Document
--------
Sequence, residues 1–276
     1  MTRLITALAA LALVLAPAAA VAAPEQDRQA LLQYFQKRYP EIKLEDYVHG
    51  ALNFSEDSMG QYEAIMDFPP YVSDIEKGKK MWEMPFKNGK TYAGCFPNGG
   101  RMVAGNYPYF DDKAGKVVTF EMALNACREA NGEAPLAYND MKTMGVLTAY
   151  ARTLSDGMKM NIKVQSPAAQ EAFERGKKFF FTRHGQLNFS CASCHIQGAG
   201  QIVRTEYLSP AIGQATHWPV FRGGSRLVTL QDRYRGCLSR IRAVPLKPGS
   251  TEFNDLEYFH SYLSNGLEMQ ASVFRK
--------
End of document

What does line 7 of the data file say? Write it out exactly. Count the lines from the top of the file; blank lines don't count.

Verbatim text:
   251  TEFNDLEYFH SYLSNGLEMQ ASVFRK